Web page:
Cherbourg's history revealed in woodwork
HAND-CARVED stories are etched into Cherbourg's latest wooden artwork to ensure the indigenous community remembers their past.
Cherbourg resident Robert 'Rocko' Langton finished carving a table for outside the ration shed at the end of the year.
He put old railway sleepers together, sanded and carved the wood with an electric grinder and chainsaw in between his work schedule over the space of more than three months.
"I also put a story to it to represent the first tribes who came to Cherbourg,” he said.
Mr Langton carved animal totems into the top of the table to represent the different tribes who came to Cherbourg from all over Queensland.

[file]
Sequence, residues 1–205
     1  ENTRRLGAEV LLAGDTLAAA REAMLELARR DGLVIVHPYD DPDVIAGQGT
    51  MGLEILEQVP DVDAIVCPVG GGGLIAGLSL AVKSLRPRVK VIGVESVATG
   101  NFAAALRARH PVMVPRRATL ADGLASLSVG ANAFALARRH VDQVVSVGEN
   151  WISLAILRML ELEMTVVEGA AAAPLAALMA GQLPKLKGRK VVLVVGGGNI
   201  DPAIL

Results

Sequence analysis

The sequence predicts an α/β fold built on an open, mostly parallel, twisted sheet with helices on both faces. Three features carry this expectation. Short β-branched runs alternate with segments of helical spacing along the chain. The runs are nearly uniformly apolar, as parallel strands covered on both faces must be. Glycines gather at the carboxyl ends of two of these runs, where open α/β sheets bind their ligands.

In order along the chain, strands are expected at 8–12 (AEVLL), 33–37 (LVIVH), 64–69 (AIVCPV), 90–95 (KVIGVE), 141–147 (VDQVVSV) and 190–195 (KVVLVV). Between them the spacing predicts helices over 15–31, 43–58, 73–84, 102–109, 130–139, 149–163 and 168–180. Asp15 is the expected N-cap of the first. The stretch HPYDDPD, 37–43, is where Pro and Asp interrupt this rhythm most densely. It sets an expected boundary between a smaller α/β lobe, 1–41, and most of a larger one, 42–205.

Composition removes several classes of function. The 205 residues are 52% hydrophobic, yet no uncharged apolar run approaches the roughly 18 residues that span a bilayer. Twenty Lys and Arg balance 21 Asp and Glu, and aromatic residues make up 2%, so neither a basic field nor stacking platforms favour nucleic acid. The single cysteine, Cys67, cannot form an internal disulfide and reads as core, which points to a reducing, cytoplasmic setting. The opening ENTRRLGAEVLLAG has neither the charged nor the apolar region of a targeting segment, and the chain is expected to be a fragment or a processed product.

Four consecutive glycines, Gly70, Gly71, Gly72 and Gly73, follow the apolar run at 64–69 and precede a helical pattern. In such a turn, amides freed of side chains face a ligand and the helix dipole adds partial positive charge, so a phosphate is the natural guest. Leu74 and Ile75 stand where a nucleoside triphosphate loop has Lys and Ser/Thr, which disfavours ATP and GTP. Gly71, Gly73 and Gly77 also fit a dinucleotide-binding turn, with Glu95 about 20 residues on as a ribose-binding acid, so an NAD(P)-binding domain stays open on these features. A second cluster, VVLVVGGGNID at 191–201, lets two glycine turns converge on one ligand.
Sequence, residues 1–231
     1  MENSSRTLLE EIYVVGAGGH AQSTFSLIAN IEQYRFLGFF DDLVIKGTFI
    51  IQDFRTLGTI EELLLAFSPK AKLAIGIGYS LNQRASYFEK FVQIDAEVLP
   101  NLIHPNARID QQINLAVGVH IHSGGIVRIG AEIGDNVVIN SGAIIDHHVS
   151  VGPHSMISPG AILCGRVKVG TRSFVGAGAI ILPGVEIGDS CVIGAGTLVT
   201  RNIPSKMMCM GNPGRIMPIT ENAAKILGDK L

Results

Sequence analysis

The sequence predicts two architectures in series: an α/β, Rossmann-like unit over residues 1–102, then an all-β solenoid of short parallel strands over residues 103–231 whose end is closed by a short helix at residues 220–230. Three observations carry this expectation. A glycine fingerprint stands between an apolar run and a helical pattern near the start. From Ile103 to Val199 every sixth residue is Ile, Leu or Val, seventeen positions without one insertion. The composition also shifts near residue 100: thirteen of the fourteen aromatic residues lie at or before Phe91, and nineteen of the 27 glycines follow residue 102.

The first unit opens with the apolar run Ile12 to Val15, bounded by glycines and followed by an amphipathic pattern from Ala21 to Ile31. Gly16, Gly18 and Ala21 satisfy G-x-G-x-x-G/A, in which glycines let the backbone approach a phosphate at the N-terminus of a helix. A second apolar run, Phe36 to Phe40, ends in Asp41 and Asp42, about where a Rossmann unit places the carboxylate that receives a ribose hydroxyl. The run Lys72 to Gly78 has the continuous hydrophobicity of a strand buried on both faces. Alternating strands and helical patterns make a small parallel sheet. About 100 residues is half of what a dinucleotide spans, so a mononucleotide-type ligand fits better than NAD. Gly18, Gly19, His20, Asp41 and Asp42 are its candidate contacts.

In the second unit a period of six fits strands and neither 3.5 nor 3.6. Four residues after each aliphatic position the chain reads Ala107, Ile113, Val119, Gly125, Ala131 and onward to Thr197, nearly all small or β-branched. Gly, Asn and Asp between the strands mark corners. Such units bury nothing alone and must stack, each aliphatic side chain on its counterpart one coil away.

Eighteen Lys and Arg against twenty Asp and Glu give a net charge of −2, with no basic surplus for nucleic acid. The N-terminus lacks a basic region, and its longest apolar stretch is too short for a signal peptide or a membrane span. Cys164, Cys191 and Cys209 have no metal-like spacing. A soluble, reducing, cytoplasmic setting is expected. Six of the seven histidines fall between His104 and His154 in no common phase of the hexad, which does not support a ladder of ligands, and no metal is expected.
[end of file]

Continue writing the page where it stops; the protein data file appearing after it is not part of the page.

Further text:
"Crocodiles is the far north, the barramundi as well, the Western Murray is the emu and the porcupine,” he said.
In the centre of the table is the owl, representing the Wakka Wakka people whose traditional land stretches across most of the North and South Burnett.
The table is situated at the back of the superintendent building at the Cherbourg Ration Shed.
The elders decided the table would be placed there due to the historical significance behind the waiting area at the back of the superintendent's building.
"If the superintendent called for you on a day and met you out front it was okay, but if he asked you to go out the back you were in big trouble,” Mr Langton said.
The table is on display for visitors to see at the back of the Cherbourg Ration Shed Museum, which is open from 9am to 4pm on weekdays.